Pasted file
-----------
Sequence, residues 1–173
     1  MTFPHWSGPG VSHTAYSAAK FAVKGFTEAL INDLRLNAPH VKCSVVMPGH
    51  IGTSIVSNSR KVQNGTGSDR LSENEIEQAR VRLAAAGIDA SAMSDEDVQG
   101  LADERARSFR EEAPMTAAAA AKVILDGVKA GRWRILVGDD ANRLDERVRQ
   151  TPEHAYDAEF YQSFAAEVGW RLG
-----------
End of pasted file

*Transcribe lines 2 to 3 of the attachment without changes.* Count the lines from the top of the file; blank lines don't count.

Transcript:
     1  MTFPHWSGPG VSHTAYSAAK FAVKGFTEAL INDLRLNAPH VKCSVVMPGH
    51  IGTSIVSNSR KVQNGTGSDR LSENEIEQAR VRLAAAGIDA SAMSDEDVQG